That brokers (and other “Third Party Marketing Organizations — TPMOSs) need to record their calls with Medicare Advantage and Part D clients and prospects is overly burdensome for many. While there’s a concerted effort led by NAHU and others to bring some reasonable accommodations to the requirements, for now they’re here to stay.
The Centers for Medicare & Medicaid Services (CMS) made that clear last week with a memorandum concerning best practices during the 2023 Annual Election Period.
CMS reviewed thousands of complaints, hundreds of audio calls, and done some secret shopping. They believe agents are “unduly pressuring beneficiaries” and failing to provide “accurate or enough information” to make sure consumers are making informed decisions. They promise to continue close monitoring during open enrollment this year and will take compliance action when they deem it appropriate.
Their memorandum implies their focus is on agencies advertising heavily, especially on television. We’ve all seen those commercials. Sometimes twice in one commercial break. Frankly, those kind of operations should be closely monitored. Does this mean more traditional agencies should feel safe from auditing? No. Even if CMS is after large fish that doesn’t mean their net won’t catch smaller ones as well. They no doubt will.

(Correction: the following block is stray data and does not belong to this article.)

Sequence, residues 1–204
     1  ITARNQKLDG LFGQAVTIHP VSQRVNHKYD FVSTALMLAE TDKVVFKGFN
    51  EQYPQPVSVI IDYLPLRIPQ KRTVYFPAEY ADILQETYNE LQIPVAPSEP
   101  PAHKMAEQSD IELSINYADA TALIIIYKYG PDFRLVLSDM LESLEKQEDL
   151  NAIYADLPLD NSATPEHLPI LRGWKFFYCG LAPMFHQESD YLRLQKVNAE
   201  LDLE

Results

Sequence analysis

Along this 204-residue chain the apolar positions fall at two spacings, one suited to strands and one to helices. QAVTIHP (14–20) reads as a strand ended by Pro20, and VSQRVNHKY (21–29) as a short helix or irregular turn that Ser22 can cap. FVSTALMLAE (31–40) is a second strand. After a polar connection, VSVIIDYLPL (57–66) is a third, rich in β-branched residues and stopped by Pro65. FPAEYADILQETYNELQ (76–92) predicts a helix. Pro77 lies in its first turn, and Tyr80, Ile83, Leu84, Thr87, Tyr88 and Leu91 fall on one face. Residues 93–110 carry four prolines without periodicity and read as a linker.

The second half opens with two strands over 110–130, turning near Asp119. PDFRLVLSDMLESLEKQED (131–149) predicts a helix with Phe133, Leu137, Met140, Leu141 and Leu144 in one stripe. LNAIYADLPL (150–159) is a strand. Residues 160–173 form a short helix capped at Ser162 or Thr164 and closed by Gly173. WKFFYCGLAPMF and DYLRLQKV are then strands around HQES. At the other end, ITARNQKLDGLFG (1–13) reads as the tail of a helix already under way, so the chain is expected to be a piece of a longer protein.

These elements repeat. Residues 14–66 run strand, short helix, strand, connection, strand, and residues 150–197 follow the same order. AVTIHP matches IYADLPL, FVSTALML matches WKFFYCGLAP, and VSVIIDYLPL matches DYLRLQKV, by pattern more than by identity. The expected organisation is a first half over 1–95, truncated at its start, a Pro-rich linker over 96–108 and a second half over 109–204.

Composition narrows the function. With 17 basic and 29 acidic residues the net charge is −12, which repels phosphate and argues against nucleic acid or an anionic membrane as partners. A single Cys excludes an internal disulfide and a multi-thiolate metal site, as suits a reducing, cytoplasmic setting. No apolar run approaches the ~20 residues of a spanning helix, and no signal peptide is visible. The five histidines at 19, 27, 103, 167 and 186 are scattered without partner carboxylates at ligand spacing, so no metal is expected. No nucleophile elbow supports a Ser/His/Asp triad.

The CMS is calling on Medicare Advantage Organizations and Part D sponsors to police their sales organizations. The agency even lists best practices for this in their memorandum.
If you sell Medicare Advantage or Part D coverage, the lesson here is simple. Know the rules and abide by them. If an error occurs, address it. Until further notice, record your calls with both prospects and clients. Most VOIP systems can make the recording process straightforward (although still annoying). Agency management systems like NextAgency can help you organize and manage these recordings.
Make a good faith effort to comply. That’s not a “get out of jail free” card, but it can go a long way to getting you through this year’s AEP. Hopefully by next year there will be more accommodating rules and regulations.